Dr. Pack: We initially highlight evidence-based non-operative treatments, which focuses on managing the stress and inflammation of the joint. Activity modification, such as transitioning from higher impact sports to low-impact activities, can make a difference. For instance, if you are an avid runner and feel excessive pain during or after every run, changing up your cardio routine and going for a bike ride instead can improve symptoms. Other activities like yoga or taking a swimming class are also good for arthritic joints. We frequently recommend appropriate physical therapy and dedicated exercises that emphasize strength and flexibility.

Medications like ibuprofen can help reduce inflammation and pain in the joint, as can cortisone and steroid injections. Even acetaminophen can help control pain in some people. If the arthritis and symptoms are severe enough, joint replacement surgery is an excellent and durable option.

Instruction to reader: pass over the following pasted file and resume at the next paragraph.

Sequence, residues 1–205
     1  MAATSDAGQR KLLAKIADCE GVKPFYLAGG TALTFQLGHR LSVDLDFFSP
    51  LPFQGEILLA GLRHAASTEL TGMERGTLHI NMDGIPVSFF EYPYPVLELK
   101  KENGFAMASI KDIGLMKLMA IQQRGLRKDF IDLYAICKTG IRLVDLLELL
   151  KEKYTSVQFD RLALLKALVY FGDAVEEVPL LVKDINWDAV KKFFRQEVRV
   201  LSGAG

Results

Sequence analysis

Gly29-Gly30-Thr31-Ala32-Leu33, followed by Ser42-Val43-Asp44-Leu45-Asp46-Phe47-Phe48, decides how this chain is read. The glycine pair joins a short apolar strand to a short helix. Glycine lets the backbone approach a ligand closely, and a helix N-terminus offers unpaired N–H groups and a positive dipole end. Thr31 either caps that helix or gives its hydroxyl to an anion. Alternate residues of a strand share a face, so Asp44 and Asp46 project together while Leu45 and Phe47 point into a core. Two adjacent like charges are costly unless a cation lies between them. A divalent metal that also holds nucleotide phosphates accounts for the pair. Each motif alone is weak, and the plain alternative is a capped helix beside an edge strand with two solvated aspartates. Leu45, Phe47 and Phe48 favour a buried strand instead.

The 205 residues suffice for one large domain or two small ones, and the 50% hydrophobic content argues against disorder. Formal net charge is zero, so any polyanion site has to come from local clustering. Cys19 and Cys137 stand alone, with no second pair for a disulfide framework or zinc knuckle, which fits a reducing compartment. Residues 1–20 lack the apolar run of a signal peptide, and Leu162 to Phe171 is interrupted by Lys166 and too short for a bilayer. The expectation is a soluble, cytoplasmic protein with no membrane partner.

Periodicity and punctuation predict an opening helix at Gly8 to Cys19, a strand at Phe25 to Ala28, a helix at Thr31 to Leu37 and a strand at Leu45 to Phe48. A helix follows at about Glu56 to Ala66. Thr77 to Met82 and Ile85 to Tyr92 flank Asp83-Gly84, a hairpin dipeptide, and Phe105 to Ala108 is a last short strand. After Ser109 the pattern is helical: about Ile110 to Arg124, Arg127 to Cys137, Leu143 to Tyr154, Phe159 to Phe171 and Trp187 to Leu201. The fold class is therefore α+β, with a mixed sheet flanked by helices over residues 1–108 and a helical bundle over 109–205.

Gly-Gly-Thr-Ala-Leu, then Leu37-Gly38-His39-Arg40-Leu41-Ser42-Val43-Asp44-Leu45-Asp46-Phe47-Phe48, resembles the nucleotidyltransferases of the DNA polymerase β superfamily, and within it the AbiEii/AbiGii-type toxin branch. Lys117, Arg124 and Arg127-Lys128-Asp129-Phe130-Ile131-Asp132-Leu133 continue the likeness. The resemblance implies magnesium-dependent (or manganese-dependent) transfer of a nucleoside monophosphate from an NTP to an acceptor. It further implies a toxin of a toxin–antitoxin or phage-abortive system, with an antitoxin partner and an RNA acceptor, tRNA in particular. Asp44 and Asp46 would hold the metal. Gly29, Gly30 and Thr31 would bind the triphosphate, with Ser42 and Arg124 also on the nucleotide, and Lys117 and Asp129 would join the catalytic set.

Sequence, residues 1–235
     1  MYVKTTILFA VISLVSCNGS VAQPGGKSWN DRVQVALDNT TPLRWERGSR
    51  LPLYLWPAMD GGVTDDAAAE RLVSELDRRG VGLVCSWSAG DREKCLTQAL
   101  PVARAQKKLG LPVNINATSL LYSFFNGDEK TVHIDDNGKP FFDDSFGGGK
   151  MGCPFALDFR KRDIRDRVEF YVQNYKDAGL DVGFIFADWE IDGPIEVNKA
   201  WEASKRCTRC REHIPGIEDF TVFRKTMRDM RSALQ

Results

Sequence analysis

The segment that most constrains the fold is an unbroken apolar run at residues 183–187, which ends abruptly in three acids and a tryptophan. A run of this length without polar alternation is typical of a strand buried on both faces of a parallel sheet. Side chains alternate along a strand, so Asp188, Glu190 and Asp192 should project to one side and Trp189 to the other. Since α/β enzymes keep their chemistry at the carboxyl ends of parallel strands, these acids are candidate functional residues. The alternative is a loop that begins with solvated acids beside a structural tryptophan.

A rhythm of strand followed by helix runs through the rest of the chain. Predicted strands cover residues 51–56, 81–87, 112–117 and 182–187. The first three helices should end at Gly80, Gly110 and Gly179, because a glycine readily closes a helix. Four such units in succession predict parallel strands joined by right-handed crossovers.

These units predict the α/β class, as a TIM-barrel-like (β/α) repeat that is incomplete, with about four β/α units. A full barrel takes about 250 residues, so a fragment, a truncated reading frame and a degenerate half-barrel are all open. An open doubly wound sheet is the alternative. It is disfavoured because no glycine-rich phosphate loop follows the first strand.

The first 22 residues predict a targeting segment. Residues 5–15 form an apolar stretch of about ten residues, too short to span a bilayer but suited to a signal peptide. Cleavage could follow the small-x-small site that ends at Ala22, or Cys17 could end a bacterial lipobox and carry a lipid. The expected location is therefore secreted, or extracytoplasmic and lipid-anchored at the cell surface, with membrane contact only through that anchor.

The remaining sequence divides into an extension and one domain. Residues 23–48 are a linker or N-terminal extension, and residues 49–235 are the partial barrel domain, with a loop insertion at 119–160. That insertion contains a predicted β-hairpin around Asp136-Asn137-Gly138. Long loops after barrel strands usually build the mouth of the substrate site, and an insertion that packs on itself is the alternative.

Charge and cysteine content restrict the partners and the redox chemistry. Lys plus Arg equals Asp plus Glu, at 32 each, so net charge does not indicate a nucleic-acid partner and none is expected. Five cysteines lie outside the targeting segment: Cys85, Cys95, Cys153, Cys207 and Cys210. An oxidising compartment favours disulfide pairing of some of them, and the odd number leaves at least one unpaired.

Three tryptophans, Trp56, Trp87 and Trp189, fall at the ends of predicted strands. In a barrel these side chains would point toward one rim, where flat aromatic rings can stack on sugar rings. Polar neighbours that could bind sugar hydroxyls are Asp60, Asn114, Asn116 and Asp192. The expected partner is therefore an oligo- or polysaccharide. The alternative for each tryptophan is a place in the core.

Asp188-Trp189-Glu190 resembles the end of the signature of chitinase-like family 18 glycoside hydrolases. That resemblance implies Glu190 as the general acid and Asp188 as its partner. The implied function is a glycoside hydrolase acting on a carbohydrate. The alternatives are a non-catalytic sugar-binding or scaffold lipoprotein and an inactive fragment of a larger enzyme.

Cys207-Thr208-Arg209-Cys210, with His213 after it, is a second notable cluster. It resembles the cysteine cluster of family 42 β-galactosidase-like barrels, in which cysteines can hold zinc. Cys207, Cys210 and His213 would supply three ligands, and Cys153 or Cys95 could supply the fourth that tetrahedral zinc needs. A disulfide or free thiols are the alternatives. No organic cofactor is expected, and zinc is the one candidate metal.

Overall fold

Q4: What happens if you leave arthritis untreated?

Dr. Pack: All types of arthritis are progressive. Symptoms and pain can be managed to an extent, but no treatment, short of replacement, can stop it, and it doesn’t go away on its own. Typically, over time, the disease progresses to the point where you won’t be able to do the activities you are used to doing, and your quality of life will continue to diminish. You could also lose your mobility altogether; some people have come into my office in wheelchairs because they couldn’t move, which is frequently avoidable and unfortunately, far more difficult to treat. The earlier you get it checked out, the better.

Q5: What kind of services do you offer your patients?

Dr. Pack: We offer comprehensive musculoskeletal care, all in one building, and mostly on just one floor. We have fellowship-trained surgeons, podiatrists, non-operative orthopaedic sports and rheumatology physicians, as well as physical therapy, all under one roof. Our specialists emphasize shared decision-making, in which we empower our patients to make informed decisions that fit their needs and pathology. If surgery is appropriate, our experts utilize minimally invasive techniques – even for replacement – that offer faster recoveries, proven results and frequently home-same-day surgeries.